Thank you fos posting your suggestions.

    Metronome is not supported any more for quite a while and also recent Metronome versions will not work with ISPConfig anyway, none of the recent guides includes it for that reason.
    ahrasis likes this.
  3. nhybgtvfr

    nhybgtvfr Well-Known Member HowtoForge Supporter

    i've not actually used 3.2 yet, just going through creating a test multiserver setup. i have already looked through the 20.04 perfect server tutorial. i do have a couple of suggestions for that.
    1. rspamd. there's no mention of it. i know there's a separate tutorial for switching from amavis to rspamd. others may not know that though. i think it should be included in the perfect server guide for those looking to start new installs and planning to use rspamd right from the beginning, especially if the plan for ispconfig is to switch to rspamd as the default option going forward.
    should probably also include any specific changes needed for rspamd and it's management interface when the mailserver is a separate server in a multi-server setup - definitely should be in any new perfect server multi-server guide, but in the absence of any new one of those yet, it should maybe have a section in the normal perfect server guide.
    2. roundcube the guide shows how to install roundcube. but nothing about installing the plugins and connecting it to the control panel.
    again that parts available as a separate tutorial, but again, others may not know that. To ensure newcomers to ispconfig end up with a complete working system and correctly functioning webmail, i think the roundcube plugin installation and configuration should also be part of the perfect server guide, which would hopefully cut down on the number of posts to the forums about roundcube not working, cant login, can't change email passwords etc.
    3. goaccess. i can see for website stats, goaccess is now an option, alongside awstats and webalizer but there's no mention of it in the perfect server guide. installation? configuration?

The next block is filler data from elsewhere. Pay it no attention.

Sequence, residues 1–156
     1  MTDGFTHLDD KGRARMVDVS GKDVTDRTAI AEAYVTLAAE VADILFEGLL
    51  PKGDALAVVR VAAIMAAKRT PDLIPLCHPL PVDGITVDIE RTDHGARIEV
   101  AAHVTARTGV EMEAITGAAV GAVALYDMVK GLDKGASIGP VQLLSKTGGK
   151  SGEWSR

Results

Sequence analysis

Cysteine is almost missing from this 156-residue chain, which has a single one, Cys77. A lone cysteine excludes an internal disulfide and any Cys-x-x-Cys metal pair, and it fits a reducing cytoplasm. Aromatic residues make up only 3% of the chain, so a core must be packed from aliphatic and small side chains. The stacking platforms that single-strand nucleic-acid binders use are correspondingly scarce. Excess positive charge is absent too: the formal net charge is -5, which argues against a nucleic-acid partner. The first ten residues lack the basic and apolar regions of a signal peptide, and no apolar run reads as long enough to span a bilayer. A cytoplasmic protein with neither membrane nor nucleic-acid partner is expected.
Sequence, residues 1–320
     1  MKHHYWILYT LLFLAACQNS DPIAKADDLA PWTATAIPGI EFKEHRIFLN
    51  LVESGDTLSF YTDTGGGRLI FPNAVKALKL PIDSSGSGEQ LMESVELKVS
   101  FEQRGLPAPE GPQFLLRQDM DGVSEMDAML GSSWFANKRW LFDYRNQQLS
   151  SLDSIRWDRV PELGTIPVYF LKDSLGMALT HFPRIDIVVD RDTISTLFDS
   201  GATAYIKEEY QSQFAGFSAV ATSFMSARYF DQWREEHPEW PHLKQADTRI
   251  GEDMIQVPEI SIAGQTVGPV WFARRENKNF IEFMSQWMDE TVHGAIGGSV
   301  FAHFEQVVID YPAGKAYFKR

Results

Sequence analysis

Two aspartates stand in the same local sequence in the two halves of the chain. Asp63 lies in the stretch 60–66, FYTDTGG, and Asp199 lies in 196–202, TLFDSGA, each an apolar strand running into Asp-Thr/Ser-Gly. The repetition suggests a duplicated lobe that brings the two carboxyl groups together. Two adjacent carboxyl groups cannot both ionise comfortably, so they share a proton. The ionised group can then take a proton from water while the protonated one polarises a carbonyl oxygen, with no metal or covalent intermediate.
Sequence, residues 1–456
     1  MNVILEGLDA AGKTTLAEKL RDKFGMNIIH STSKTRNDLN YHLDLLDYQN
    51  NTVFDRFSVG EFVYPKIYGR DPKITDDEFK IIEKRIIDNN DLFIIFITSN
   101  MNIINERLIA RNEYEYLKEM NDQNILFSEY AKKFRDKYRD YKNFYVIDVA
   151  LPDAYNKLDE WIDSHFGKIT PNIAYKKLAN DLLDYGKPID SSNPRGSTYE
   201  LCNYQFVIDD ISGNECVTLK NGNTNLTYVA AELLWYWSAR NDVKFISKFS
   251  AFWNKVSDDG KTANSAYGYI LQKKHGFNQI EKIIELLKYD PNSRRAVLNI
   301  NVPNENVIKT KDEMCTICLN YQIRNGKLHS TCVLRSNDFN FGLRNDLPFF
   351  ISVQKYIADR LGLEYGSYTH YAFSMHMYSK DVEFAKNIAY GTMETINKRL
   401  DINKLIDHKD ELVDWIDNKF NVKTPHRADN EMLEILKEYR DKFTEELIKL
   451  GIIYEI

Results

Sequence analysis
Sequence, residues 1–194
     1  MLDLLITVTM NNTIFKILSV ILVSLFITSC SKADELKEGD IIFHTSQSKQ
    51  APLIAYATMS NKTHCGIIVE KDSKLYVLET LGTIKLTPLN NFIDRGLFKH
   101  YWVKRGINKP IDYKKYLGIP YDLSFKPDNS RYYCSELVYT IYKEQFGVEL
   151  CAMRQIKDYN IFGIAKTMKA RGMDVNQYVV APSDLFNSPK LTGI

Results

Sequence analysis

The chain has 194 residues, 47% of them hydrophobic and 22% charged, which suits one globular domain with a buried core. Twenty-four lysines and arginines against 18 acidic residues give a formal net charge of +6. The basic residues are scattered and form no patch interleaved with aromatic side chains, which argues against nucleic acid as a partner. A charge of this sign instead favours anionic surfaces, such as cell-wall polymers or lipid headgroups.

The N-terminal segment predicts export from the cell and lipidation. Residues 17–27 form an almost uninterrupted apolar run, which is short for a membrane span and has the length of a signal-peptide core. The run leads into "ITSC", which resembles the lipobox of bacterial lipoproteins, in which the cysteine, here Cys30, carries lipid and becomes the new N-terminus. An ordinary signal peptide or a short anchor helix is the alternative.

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  4. Th0m

    Th0m ISPConfig Developer Staff Member ISPConfig Developer

    I can eventually write a up to date guide on installing the plugins, which we could eventually include in the Perfect Server tutorial, since the current guides on HTF are outdated.
    Farsus, ahrasis, TonyG and 2 others like this.
  5. TonyG

    TonyG Active Member

    That's new info to this newcomer. The Ubuntu 18 installation instructions for v3.1.11 includes this. And the Ubuntu 20 info for v3.2 shows quotacheck being executed from /opt/metronome. That's certainly a copy/paste, no problem, but to the reader, maybe someone who never installed 3.1, that gives the impression that some step was missed.

    I'm sure you understand, none of this is intended to be critical or argumentative - it's purely intended to be constructive. I do regret that (like most projects) it seems like pointing out details like this just creates more distracting work for the primary developers. I will gladly volunteer to correct verified inaccuracies in all documentation.

  6. TonyG

    TonyG Active Member

    Thanks for mentioning this. I have pages from this forum about rspamd bookmarked but I haven't read them yet. My intent was to get a default server installed and then approach this as a customization later. I had no idea that it will be a new default. So your notes here are very informative and welcome.
  7. TonyG

    TonyG Active Member

    Day 2
    I created a subnet with three servers, two for DNS and one for client sites. I am the only client for now. I had to switch a lot between the old Multi-Server install docs and the latest Beta doc for 3.2. So far all three servers are communicating properly through ISPConfig. (Wow! First time! No errors! When does That ever happen?)

    Please don't take this the wrong way, but there is no clean documentation for a 3.2 multi-system environment. I was only able to do this because I knew when Not to rely on the docs. Please also note that I am not asking for help with these points. I'm happy to do my homework. I'm just saying the available documentation leaves these topics open for misconfiguration and subsequent requests for help. If we improve the docs then entire classes of problems might go away.